Consider, for example, a typical health survey, which somewhat resembles the health history form you often fill out when you visit a new doctor. The form will probably ask whether you smoke now and whether you used to smoke. But smokers and former smokers are rarely asked precisely how long they smoked and how many cigarettes a day they consumed at every point in their lives. Even if the questions were asked, people might misremember exactly how much they smoked several decades ago.

Nevertheless, a number of studies based on survey data have picked up some ethnic differences in smoking prevalence (whether or not people smoke)—and this was exactly the kind of information that inspired Fenelon and me to determine whether smoking was the key factor in the Hispanic paradox. But those surveys have generally failed to notice ethnic differences in smoking intensity and duration or how much smokers are smoking. At least one set of data, however, does address such details. The National Health Interview Survey, an annual questionnaire that asks fairly detailed questions about tobacco use, has shown that Hispanics are not only less likely to be smokers or former smokers but that the smokers among them are also less likely to smoke heavily. In 2009, for instance, only 9 percent of Hispanic women were current smokers, compared with 21 percent of non-Hispanic white women; 18 percent of Hispanic men smoked, compared with 25 percent of non-Hispanic white men. Among smokers, Hispanics also consumed far fewer cigarettes on average.

When I say that the answer to the immigrant and Hispanic paradoxes may have been “hiding in plain sight all along,” I am referring to the kind of information in the national health survey. In the case of Hispanics in the U.S., scholars recognized that smoking prevalence was unusually low among that group, and the data were there to check whether smoking intensity was low as well. But no one took the next step of calculating whether differences in total cigarette consumption could be so large as to drive the overall life expectancy advantage among Hispanics. My research with Fenelon has done that.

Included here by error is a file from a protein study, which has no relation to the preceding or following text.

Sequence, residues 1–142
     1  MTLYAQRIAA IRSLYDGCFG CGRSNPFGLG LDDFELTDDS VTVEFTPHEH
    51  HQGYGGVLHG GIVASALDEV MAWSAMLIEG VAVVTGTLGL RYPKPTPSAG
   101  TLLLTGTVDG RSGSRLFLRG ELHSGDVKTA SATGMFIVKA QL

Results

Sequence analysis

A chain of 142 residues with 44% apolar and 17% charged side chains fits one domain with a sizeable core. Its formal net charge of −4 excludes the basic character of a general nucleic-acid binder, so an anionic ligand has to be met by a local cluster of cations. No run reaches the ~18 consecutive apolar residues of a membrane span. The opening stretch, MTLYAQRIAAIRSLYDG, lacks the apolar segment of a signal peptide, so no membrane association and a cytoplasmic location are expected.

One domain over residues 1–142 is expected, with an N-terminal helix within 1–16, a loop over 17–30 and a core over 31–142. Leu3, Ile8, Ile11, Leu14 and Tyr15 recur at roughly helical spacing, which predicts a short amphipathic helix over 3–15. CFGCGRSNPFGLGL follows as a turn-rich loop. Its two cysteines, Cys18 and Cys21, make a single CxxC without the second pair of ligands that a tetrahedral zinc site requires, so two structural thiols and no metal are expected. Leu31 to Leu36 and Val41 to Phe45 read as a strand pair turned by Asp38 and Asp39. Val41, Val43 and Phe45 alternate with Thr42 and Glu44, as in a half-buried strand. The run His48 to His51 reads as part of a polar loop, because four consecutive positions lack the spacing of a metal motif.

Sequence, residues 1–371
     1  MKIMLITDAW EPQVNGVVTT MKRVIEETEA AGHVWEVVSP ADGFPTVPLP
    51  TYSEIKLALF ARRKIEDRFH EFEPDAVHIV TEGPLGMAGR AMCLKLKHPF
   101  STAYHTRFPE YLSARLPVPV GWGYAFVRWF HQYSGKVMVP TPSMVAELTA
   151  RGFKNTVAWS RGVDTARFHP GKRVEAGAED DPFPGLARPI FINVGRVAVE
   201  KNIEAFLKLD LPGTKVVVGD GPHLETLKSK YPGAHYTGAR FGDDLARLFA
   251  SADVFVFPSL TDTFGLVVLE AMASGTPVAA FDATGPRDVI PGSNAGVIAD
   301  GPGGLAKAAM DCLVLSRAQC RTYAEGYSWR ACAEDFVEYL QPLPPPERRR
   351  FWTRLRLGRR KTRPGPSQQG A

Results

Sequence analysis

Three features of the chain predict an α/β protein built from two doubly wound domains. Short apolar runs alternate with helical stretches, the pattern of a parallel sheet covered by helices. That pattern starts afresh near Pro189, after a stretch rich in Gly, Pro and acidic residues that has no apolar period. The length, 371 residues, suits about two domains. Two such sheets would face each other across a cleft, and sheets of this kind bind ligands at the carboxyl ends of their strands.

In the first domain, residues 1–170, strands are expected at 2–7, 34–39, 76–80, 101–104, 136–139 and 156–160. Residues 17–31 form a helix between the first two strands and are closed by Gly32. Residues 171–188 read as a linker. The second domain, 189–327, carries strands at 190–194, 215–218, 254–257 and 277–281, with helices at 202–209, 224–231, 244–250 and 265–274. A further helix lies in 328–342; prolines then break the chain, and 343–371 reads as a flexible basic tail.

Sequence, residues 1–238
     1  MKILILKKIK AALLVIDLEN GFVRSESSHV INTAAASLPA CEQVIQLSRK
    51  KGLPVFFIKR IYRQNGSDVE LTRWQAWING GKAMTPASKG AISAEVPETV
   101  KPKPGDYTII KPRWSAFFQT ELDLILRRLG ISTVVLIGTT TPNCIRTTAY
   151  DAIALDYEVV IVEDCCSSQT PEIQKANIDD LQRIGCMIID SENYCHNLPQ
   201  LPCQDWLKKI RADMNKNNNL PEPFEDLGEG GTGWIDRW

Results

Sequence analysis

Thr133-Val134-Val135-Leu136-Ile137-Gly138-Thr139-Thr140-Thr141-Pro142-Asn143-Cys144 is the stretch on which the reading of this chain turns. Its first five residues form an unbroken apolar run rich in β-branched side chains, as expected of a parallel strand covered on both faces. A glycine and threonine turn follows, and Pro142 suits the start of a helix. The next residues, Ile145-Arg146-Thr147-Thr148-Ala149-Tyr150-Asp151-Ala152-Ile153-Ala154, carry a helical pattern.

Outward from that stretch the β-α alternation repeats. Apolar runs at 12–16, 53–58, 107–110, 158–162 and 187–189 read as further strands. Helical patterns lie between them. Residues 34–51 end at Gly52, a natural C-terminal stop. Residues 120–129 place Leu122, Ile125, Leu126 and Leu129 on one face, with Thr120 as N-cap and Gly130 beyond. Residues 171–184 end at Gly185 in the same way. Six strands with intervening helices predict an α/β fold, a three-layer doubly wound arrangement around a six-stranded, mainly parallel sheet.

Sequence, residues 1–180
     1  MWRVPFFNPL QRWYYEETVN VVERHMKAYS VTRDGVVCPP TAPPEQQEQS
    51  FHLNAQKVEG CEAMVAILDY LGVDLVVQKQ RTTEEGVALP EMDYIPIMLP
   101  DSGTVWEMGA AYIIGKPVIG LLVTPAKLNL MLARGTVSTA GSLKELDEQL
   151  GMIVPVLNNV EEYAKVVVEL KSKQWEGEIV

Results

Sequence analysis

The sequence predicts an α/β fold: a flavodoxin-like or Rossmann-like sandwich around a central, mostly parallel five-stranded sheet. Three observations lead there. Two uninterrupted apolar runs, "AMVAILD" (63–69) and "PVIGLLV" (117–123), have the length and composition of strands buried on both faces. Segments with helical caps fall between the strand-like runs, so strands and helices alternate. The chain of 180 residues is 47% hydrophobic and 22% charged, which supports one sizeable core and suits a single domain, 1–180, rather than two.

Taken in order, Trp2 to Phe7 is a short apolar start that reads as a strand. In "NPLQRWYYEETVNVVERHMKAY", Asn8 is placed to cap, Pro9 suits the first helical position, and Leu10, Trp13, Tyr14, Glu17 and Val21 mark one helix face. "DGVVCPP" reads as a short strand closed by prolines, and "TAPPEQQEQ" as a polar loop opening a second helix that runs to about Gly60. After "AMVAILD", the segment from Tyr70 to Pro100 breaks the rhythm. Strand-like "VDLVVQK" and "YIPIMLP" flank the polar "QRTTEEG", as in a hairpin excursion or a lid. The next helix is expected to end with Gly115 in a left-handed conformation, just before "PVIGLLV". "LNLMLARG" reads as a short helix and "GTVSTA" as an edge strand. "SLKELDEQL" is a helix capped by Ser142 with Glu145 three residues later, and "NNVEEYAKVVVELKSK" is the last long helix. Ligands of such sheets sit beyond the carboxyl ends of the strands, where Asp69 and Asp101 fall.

We estimated smoking-attributable deaths not from survey data but instead from aggregate national death data: records of every single death in the U.S. in 2000. These data have plenty of their own drawbacks, to be sure. Crucially, our methods depend on the assumption that records of deaths from lung cancer are equally reliable in all subpopulations. To limit the impact of our assumptions on our final results, Fenelon and I used a few different methods to estimate smoking-attributable deaths, and the methods all yielded similar answers. We also took into account the possibility that immigrants may return to their home countries to die. We still found that, yes, smoking makes the difference in longevity.

I cannot say why Hispanics historically have smoked less than non-Hispanic whites. What is clear, however, is that millions of Americans have turned away from smoking since its health effects became obvious in the second half of the 20th century. Meanwhile cigarette consumption is on the rise in much of the developing world, thanks in no small part to strong marketing from tobacco companies. Together these two trends suggest that, over time, immigrants’ life expectancy advantage in the U.S. may erode. I expect that both the immigrant advantage and the Hispanic paradox may disappear within the next few decades.

No one who reads this article will be surprised to learn that smoking kills. But sometimes we forget how profound its effects on health can be. In the case of Hispanics in the U.S., low cigarette consumption seems powerful enough to counteract a slew of socioeconomic disadvantages that often result in poor health and early death. That is a finding worth remembering for everyone.